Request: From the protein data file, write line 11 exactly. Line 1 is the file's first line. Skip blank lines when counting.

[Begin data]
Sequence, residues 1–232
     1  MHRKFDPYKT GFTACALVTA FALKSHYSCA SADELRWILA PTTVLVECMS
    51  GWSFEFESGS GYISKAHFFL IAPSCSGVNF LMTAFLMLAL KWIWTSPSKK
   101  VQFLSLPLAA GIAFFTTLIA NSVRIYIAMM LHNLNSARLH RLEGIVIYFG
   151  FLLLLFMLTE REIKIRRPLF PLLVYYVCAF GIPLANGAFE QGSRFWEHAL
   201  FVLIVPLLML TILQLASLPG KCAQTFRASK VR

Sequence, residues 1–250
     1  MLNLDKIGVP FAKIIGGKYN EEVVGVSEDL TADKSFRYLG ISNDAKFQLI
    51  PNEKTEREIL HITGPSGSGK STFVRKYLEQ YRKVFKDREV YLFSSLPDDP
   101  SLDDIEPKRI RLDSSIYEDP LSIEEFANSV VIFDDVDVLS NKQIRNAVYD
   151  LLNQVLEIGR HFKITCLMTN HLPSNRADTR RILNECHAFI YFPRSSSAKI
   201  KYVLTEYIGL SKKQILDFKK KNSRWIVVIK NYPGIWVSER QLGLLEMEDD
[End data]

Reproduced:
   151  LLNQVLEIGR HFKITCLMTN HLPSNRADTR RILNECHAFI YFPRSSSAKI